How to Soften Sharp Edges on a Metal Craft Project

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Nail files can be used in place of sandpaper on small projects.
Nail files can be used in place of sandpaper on small projects. (Image: BrandeeMeier/iStock/Getty Images)

Metals such as copper or silver can be cut for a wide range of crafts, from jewelry to holiday ornaments to home décor items. Cutting any type of metal causes sharp burrs and rough places along the edges of the metal. The sharp edges can be smoothed and softened using simple tools such as sandpaper and metal files, which can be found at hardware or home stores.

Things You'll Need

  • Metal file
  • Half round metal file
  • Sandpaper, 220, 500 and 1000 grit
  • Needle files
  • Rubber block or ring clamp
  • Polishing pads

Place the metal on a rubber block to stabilize the piece and leave the edge exposed, or place it securely in a ring clamp.

Use the metal file or the half-round file to remove the largest burrs or rough edges. Press the file on the metal gently, pushing it away. Lift at the end of the stroke and bring the file back without touching the metal. Continue around the edge of the metal until the large burrs have been removed. Use the needle files in corners or on fine details of the piece.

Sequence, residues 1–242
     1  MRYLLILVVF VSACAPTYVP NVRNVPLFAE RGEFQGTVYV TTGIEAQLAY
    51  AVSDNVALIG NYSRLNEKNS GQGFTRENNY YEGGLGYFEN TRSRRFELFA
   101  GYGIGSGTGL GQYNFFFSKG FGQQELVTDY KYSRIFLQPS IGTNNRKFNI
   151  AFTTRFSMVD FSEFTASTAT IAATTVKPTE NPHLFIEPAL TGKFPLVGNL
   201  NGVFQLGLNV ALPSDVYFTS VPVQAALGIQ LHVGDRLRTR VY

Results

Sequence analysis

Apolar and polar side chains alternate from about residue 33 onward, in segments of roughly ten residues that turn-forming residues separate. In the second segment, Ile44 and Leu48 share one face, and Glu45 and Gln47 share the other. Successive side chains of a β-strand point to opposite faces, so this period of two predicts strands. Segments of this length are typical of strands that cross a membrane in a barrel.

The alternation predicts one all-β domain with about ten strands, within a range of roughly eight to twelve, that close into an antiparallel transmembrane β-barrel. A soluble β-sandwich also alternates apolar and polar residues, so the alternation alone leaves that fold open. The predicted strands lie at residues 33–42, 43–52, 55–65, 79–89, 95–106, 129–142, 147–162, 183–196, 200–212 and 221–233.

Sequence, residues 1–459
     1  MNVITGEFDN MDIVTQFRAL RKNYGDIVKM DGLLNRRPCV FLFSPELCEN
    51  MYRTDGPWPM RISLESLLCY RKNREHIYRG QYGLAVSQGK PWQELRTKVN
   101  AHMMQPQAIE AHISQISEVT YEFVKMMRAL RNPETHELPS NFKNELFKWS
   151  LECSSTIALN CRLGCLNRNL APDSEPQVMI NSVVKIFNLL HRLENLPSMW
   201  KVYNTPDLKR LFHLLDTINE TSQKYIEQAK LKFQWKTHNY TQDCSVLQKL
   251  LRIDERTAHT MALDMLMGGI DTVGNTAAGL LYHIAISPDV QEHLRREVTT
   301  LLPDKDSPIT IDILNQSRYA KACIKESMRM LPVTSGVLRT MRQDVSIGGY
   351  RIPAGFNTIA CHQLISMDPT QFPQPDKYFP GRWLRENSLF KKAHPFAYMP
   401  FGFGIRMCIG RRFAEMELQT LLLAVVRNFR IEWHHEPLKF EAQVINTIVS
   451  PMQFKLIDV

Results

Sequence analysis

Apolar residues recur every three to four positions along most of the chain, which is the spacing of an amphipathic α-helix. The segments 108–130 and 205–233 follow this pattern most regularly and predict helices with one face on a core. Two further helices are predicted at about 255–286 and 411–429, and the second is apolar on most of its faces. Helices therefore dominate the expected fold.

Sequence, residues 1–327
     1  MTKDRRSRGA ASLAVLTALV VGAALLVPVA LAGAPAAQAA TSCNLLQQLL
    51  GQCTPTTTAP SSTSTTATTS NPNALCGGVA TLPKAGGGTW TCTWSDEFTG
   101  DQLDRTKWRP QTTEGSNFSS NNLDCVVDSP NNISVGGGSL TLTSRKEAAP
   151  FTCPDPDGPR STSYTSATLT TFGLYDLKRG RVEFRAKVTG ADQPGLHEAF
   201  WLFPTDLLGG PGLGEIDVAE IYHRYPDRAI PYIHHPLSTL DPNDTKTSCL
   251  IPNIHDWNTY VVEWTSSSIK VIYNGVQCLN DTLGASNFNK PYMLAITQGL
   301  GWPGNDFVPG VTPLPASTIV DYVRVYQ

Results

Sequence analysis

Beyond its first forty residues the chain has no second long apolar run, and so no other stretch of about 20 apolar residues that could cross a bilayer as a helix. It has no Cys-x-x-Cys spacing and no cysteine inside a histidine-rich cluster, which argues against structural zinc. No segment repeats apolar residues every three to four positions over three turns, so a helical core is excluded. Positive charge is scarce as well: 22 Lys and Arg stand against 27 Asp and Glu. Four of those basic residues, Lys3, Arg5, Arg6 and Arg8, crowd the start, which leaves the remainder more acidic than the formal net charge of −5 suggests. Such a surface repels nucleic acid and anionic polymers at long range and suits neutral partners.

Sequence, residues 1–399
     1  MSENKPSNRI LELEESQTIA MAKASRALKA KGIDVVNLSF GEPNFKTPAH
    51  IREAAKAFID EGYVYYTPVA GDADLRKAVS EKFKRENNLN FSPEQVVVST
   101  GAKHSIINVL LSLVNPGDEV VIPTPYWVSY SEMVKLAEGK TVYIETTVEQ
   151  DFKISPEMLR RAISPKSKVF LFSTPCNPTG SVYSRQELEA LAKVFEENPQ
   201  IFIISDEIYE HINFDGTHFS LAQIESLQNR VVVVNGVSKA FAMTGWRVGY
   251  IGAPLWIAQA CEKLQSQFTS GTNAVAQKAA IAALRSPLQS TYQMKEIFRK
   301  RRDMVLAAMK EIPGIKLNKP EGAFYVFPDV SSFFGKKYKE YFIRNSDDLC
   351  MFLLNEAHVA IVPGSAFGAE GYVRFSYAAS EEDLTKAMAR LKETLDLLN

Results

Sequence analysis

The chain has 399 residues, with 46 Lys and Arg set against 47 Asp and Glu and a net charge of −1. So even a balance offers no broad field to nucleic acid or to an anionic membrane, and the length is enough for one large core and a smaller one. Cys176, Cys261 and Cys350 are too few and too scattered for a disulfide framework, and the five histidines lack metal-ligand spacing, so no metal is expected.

Use the 220-grit sandpaper and begin to smooth the edges of the metal using light strokes. As the rough edges are removed, switch to finer-grit sandpaper. Use a polishing pad once the metal is smooth to remove any metal dust and bring out the shine of the metal.

Turn the piece over and repeat on the other side of the metal. If working with a ring clamp smooth both sides, then remove and turn the piece to a new section.

Tips & Warnings

  • Metal files have teeth that are designed for a forward motion. Pressing the file backward can add scratches to the surface and press shavings into the piece.
  • Place a tray under the piece as you smooth the metal to catch the shavings. They can be melted and reused or sold at a metal recycling center.
  • A ring clamp will protect thin metals from bending while being filed.
  • Salon boards or nail files can be used in place of sandpaper. Because they are stiff, they may be easier to handle than sandpaper. Metal shavings will stick to the files, so once they've been used on metal they should not be used for manicures.
  • Clamp large metal projects to a work surface for stability while working.
  • Rough metal edges can be extremely sharp. Using fingers to check for rough patches can result in scrapes or cuts.

References

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